In the case of a symmetrical molecule with polar bonds, like the one shown below, the symmetry of the electron displacements will also keep the center of negative charge in the center of the molecule, which coincides with the center of positive charge. As a result, no dipole will occur.

If the two atoms sharing the bonding pair of electrons are not of the same element, the atom with the greater electronegativity will pull the shared electrons closer to it. Because of the resulting uneven distribution of electrons, the center of negative charge will not coincide with the center of positive charge and a dipole is created on the molecule. When the centers of positive and negative charge do not coincide, a charge separation exists and a dipole is present. For example, in the CO2 molecule above, both carbon-oxygen bonds are polar and the bonding electrons are shifted toward the oxygen.

The end of the molecule with the more electronegative atom will have a partial negative charge, and the end of the molecule with the more electropositive atom will have a slight positive charge. The symbols δ+ and δ, as illustrated in the figure below, are used because these are not full positive and negative charges.

This polarity is much less than the charge separation in an ionic bond. These charges are only fractions of the full “+1” and “1” charges. How much polarity a bond will experience depends on the difference in the electronegativities of the atoms.

For molecules that have a permanent dipole, the attraction between oppositely charged ends of adjacent molecules are the dominant intermolecular force of attraction. The figure below represents a polar solid; a polar liquid would look similar except the molecules would be less organized. On average, these polar attractions are stronger than London dispersion forces, so polar molecules in general have higher boiling points than London dispersion liquids. There is significant overlap, however, between the boiling points of the stronger London dispersion molecules and the weaker polar molecules.

The organization of a substance composed of polar molecules depends on the competition between the strength of the polar attractions and the molecular motion of the molecules. At higher temperatures, the molecular motion of the molecules is strong enough to disrupt the polar attractions, but at low temperatures, the molecular motion is reduced so that the polar attractions can hold the molecules in a structured arrangement.

In liquid and gaseous forms, the molecules can also turn freely. This turning of polar molecules can be seen in a macroscopic situation. If we bring a charged object (rubber comb run through hair, balloon rubbed on wool sweater, etc) near a very thin stream of water running from a faucet, the stream will bend its path toward the charged object. It doesn't make any difference if the charged object is positively or negatively charged because the water molecules in the stream will turn their oppositely charged ends toward the charged object. In the sketch above, you can see that the path of a non-polar liquid is not deflected by the charged rod, but the path of the water stream is deflected by the charged rod.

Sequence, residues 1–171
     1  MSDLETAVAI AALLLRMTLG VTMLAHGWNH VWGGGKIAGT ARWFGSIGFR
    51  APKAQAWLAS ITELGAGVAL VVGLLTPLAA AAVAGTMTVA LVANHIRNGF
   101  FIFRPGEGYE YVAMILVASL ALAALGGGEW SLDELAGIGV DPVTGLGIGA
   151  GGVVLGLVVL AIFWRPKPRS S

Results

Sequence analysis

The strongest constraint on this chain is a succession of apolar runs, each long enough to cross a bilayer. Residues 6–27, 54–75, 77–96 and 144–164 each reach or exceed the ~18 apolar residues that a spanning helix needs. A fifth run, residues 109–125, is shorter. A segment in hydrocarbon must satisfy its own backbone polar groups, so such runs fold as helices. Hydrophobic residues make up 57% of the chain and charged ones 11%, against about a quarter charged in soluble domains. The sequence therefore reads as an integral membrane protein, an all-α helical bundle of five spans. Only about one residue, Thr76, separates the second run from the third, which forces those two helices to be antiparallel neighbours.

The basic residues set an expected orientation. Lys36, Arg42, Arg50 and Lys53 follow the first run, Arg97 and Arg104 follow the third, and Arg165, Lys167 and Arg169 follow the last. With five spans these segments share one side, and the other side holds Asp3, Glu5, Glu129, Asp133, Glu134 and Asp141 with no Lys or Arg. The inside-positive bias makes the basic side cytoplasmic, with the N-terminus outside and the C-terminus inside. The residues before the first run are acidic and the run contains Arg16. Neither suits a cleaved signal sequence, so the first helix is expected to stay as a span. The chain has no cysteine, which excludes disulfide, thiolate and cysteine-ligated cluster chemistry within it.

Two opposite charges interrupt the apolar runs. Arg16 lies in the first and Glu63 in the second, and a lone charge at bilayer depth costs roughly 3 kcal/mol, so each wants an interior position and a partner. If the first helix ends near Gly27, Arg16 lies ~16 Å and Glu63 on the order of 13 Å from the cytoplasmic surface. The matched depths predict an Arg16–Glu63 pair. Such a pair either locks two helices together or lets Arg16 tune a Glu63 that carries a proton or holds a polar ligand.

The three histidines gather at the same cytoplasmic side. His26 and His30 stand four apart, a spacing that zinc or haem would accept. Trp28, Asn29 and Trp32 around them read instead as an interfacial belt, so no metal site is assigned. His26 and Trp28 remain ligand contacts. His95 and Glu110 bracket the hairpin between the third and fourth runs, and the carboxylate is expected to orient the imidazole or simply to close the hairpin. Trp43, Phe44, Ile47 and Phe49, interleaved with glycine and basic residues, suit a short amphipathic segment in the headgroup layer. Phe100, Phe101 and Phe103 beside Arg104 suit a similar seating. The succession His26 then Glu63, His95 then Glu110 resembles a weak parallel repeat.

Hydrogen Bonds

There are several polar molecules whose polar bonds are so strong they merit separate attention. These are the polar attractions that occur in molecules where hydrogen is bonded to nitrogen, oxygen, or fluorine. The polar attractions in these molecules are nearly 10 times as strong as regular polar attractions. These extra strong polar attractions that occur with HN, HO, and HF bonds are called hydrogen bonds, which distinguishes them from regular polar attractions. Keep in mind, however, that they are still polar attractions, albeit very strong ones.

There is more than one explanation for why these three combinations form hydrogen bonds. There are only ten elements that have greater electronegativity than hydrogen, and only four that have a significantly greater electronegativity than hydrogen. Three of the elements that have significantly greater electronegativity than hydrogen are nitrogen, oxygen, and fluorine – the three elements that form hydrogen bonds in compounds with hydrogen. When hydrogen bonds with atoms whose electronegativities are less than or equal to the electronegativity of hydrogen, the other atom cannot pull the shared electrons away from hydrogen, as seen in the figure below.

When hydrogen chemically bonds with nitrogen, oxygen, or fluorine, the very high electronegativities of these atoms can pull the electrons far away from the hydrogen atom, thus removing the shielding electrons from the proton nucleus of hydrogen. As a result, when the polar attractions between hydrogen bonding compounds form, the negative end of a molecule can get very close to the proton on the positive end of another molecule because there are no electrons for shielding. The closeness of the charges causes the extra strong polar attractions in these compounds. The characteristics of a liquid that forms hydrogen bonds are significantly different from similar compounds that do not form hydrogen bonds.

A homologous series of compounds are compounds where the elements of a family are each bounded to the same element. For example, family 4A in the periodic table consists of carbon, silicon, germanium, and tin. If each of these is bounded to hydrogen, it would produce a homologous series, CH4, SiH4, GeH4, and SnH4. If we graph the boiling points of this homologous series, we would get the graph sketched on the left side in the figure below. A large majority of the graphs plotting the boiling points of a homologous series would look like the one below, where the boiling points increase as molar mass increases.

However, if we graph the boiling points of the homologous series of family 6A combined with hydrogen, we get quite a different graph, as seen on the right side of the sketch. The higher molar mass compounds in the series follow the normal pattern where the boiling points decrease as the molar masses decrease. When we get to water, the boiling point suddenly increases – it is more than 150 higher. Hydrogen bonding explains why liquid water is held together far more tightly than expected. Graphs of the boiling points for the homologous series of hydrogen with 5A family members and hydrogen with 7A family members would be similar, with the boiling points of \begin{align*}\mathrm{NH}_3\end{align*} and \begin{align*}\mathrm{HF}\end{align*} being greatly different from what would be expected.